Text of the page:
Buying a home
Estate agents: registering and your rights
By Joe Elvin
Article 4 of 13
Estate agents: registering and your rights
Find out how to decide which estate agents to register with, plus how to ensure you're the first person they call when your dream home hits the market.
When a seller puts their house on the market, the estate agent will often inform registered buyers before they get round to uploading the details to the web.
In this video, we ask estate agents how people can ensure they're the first to hear when a new property hits the market.
- Having a 'mortgage decision in principle' can make you a more attractive buyer when you make an offer on a property. You can speak to Which? Mortgage Advisers for impartial advice by calling 0808 252 7987.
Registering with estate agents
Take a walk down the local high street and look in estate agents' windows, and you may notice that some firms specialise in particular types of property, or lean towards the budget or luxury end of the market.
You'll soon get a feel for the agents most likely to sell properties that match your criteria. Then, if possible, go in and register in person – being able to put a face to a name can work wonders. If you can't register in person, try to do it over the phone rather than online as you're more likely to build up a rapport and give the agent an accurate idea of the type of property you're hoping to buy.
Once you've registered, it's a good idea to maintain regular contact so that you're top of the estate agent's mind when new properties hit the market. And don’t restrict yourself to one agent: the more companies you register with, the more likely you are to be called when your dream home goes up for sale.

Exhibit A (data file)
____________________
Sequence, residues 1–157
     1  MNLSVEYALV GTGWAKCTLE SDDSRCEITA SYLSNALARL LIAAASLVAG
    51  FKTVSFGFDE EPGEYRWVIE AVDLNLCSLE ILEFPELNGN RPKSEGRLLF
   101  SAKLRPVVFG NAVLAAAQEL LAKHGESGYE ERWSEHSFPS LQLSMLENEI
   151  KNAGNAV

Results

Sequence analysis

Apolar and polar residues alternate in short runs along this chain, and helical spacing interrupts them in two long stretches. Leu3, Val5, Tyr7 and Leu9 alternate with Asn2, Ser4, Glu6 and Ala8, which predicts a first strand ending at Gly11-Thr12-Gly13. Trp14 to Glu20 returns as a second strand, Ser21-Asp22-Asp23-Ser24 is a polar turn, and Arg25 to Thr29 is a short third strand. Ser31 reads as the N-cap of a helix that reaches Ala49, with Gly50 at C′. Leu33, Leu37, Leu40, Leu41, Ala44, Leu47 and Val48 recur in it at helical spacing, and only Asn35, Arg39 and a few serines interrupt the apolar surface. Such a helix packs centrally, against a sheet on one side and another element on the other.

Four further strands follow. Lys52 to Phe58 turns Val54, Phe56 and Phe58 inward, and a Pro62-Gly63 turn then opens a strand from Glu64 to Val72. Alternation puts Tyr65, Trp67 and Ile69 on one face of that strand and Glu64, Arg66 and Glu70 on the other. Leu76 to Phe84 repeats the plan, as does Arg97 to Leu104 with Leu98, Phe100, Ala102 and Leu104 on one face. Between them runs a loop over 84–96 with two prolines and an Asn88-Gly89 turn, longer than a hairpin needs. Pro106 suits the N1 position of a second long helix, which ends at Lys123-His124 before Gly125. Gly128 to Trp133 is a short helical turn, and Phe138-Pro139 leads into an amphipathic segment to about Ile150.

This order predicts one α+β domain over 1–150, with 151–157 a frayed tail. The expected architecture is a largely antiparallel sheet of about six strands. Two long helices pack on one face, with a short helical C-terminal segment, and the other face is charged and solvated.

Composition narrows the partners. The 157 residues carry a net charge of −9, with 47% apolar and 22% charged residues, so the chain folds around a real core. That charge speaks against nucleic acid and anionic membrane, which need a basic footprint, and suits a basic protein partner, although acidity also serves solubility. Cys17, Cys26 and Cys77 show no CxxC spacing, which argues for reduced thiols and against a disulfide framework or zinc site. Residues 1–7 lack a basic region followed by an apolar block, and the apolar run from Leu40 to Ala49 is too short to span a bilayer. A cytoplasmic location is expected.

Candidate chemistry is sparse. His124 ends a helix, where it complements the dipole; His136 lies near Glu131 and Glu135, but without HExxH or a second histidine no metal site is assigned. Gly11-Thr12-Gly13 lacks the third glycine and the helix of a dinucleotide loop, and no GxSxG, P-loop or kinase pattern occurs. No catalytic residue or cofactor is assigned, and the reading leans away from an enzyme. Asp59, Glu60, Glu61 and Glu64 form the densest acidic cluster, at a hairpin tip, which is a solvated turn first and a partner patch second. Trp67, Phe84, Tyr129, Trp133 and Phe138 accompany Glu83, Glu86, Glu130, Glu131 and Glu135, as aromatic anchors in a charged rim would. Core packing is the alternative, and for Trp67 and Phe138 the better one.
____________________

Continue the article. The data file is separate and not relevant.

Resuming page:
Checklist: buying a house through an estate agent
Estate agents don't always have the best reputation. However, the 2015 Which? property survey found that, actually, only one in six people were dissatisfied with the service they received from their estate agent. Given that you're almost certain to deal with estate agents when you're moving house, it makes sense to try to ensure the process runs as smoothly as possible.
Our printable checklist will help you get estate agents on your side as a buyer. It also lists the questions you should ask about properties you're interested in viewing or making an offer on.
- Download our free buying through estate agents checklist.
Estate agents and your rights as a buyer
An estate agent's job is to sell properties. They make their living from the commission they charge the seller (estate agents' fees are usually 1-2%), so their duty is to the seller, not you.
Legislation is weighted in favour of protecting the seller against dishonest practice. As the buyer, you have a limited amount of protection.
It’s your legal right that estate agents:
- Don’t invent offers in order to force the price up
- Must use clear contract terms
- Must pass on your offer promptly – they can’t hold it back simply because you don’t want to use their other facilities, such as arranging a mortgage
- Must reveal any financial interest they have in the property that you’re looking at
- Must answer direct questions accurately and reveal defects in the property that could be expected to affect a buyer's decision. If you’re given false information, you might have a claim against the agent under the Consumer Protection from Unfair Trading Regulations (CPRs).
If you suspect that an agent has acted in breach of these regulations, you should contact the local authority’s trading standards department.
To avoid disputes over whether things have or haven't been verbally agreed, it's a good idea to record details of any conversations you have, including who you spoke to, on what date and what was said.
All estate agents have to be members of an ombudsman scheme that handles complaints, so check whether an agent is a member of one of these two:
- The Property Ombudsman (formerly known as the Ombudsman for Estate Agents)
- Ombudsman Services: Property.
Find out more: visit our guide on how to sell a house for information on dealing with estate agents when you're selling.
Case study: first-time buyers experience pressure tactics
In this video, first-time buyers Lydia and Amanda share their experiences of viewing flats and explain the underhand tactics they experienced during one viewing.
- Last updated: December 2016
- Updated by: Joe Elvin